Many already successful leaders claim that they want to be even more successful, but less of them do what is needed to make that success a reality. This gap between what we say we want and what we do – taking actions that sabotage ourselves – occurs over and over again. We say we want to be healthy, but then we eat a cheeseburger. We claim we want to get more sleep and then stay up late working. There are many reasons why despite our best intentions we can’t quite seem to put our money where our mouth is. Change is for sure possible (Google “neuroplasticity”), but it is hard. New behaviors are uncomfortable. Growth takes time that none of us feel we have.
Leaders regularly, tell me “I want to take my career to the next level. I am open minded and willing to experiment. I am excited to learn.” I hear what they are saying, but when I look at them and watch what they do I see that they aren’t taking the actions needed to accomplish what they claim they want. Instead of being open they are closed. Specifically, they are know-it-alls and if there is one way to guarantee limited success it is to be a know-it-all. It is possible to be a really successful, well-paid, highly respected professional know-it-all. But if the goal is the true maxing out of potential – to be even more successful, have greater financial gain, and receive adoration – open-mindedness is required.
The term know-it-all seemingly is familiar to all of us. Merriam-Webster defines it as, “one who claims to know everything.” Pretty early on most of us learn to quit this bad behavior. Mom tells us, “Stop being a know-it-all.” And eventually we do. The question then becomes, “Why write about it now if we all stopped this nasty behavior when we were 10 years old?” The answer is we didn’t really stop – we fake stopped. We learned how to hide it. We keep our I-know-better-than-anyone-else thinking to ourselves. We take that external bad habit and make it internal.
Now when someone shares a new idea we don’t blurt out, “That’s not right.” Rather, we silently evaluate and then disregard. We tell ourselves we know better and are smarter. Ultimately, we stop listening. Our thoughts are,
- “No, you should not have done it like that. You were wrong. My way is better.”
- “Yes, I hear your suggestion that I should change my approach, but I am not going to.”
- “I know you want to contribute. However, I am not going to let you participate because it will slow me down.”
Being like this of course is allowed. It is one way to go, but people with this mindset don’t get as far as they say they want to go. Closed-mindedness guarantees more of the same and limits possibilities. People who really listen – suspend judgment, silence evaluations, and eliminate preconceptions are able to grow, change, adapt, innovate, pivot, and generally do better. Professionals at the upper echelons are the ones who respond with,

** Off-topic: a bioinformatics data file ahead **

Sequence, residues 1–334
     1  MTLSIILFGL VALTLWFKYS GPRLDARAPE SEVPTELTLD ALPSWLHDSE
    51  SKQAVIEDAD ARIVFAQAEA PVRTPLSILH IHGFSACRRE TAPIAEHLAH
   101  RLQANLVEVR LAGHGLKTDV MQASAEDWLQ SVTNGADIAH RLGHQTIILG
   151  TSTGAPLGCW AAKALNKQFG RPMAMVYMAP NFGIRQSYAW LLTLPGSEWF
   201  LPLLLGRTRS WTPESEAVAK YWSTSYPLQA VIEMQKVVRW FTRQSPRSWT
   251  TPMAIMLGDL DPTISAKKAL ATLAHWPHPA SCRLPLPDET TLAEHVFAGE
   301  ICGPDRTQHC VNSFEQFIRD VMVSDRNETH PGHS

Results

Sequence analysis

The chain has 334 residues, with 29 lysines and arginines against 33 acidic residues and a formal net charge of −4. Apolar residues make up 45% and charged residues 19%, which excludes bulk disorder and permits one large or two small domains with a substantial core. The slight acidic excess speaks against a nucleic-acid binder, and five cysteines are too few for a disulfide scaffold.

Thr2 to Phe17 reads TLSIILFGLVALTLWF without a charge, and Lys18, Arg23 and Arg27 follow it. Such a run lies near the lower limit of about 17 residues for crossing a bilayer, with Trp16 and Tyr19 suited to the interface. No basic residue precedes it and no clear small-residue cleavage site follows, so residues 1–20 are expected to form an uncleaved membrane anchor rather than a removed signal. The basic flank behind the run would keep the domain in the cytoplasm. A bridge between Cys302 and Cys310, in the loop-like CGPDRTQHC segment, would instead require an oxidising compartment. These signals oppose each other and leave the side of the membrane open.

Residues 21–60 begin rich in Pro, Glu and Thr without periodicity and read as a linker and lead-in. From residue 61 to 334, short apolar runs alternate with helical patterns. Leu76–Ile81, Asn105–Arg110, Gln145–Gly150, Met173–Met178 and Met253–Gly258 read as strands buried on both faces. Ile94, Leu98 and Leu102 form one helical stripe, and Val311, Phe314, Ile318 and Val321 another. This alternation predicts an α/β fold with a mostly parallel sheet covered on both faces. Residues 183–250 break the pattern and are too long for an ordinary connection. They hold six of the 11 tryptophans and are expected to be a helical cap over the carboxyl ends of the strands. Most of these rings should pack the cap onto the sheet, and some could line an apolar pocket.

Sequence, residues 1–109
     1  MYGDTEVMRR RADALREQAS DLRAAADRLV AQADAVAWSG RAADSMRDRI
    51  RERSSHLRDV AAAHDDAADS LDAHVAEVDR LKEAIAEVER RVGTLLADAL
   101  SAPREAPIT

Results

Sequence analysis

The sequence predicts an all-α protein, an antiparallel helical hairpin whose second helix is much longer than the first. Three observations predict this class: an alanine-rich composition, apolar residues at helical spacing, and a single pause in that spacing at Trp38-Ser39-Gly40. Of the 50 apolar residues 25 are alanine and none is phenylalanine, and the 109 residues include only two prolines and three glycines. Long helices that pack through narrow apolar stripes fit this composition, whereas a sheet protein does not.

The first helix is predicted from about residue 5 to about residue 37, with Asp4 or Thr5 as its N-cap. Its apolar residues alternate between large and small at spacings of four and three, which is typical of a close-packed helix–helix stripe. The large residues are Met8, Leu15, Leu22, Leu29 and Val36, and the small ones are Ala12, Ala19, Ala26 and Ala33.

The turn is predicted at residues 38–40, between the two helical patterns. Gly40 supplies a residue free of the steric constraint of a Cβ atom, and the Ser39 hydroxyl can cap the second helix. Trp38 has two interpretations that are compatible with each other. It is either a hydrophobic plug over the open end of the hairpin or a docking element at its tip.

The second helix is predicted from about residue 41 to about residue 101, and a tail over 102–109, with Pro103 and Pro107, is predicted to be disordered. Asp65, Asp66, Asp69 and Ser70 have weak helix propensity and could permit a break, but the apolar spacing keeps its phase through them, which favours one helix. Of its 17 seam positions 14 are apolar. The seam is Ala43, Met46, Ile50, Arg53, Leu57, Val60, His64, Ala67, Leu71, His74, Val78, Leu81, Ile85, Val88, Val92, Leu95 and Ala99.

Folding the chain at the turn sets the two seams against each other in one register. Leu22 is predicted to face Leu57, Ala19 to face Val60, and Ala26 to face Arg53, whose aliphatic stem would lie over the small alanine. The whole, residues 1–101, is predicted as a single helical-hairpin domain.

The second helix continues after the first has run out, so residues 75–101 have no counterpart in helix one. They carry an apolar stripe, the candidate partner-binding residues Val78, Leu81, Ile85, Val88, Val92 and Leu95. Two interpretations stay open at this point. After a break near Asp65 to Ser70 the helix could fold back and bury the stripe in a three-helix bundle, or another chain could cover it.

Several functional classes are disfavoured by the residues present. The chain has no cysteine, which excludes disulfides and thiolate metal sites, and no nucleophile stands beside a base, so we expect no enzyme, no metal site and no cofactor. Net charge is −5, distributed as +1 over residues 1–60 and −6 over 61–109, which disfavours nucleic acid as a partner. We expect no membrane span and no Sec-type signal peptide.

- “That is interesting. Tell me more.”
- “I am curious about your idea. Let me listen closely so I can be fully convinced.”
- “I wonder how we can compromise so we both come out winners.”
While not typical for me, today I noticed the shadows on the ground around me. They captivated me actually. I was curious about how the trees around me made certain forms below, the birds created different shapes, and my own features melted away and became a blob. It occurred to me then that being a know-it-all is like trying to understand the world from shadows alone. Yes, you see something, there is an image, but you don’t really know what it is.
Would any of us make important life choices based on the shadows or even trivial choices for that matter? I wouldn’t decide if I liked my dinner based on what shape my entrée created. I would want to smell it, taste it, and look at it head on. But, ironically, with important business and leadership decisions many leaders limit the amount of data they allow in. They have their own beliefs, their own experiences, their own biases and they go with that because it is quicker, or easier, or less intimating. But it is a shame and it is sad.
Professionals could have more of what they want if they loosened up, slowed down, and became curious. We are like this when we are children. We ask a million questions, we try out insane risky stunts with high rates of failure, we let strangers in, we forget what we have learned and try again as if it were new. But as adults we think we know the way the world works, we think we know how people are, we think we know what is best and as a result, we don’t get what we claim to want.
To be truly successful suspend disbelief, eliminate predispositions, and silence evaluation. Success is possible when we get out of our head and use all of our senses. Walk into into the sunlight to see what is possible.
Do you identify with some points of this post?
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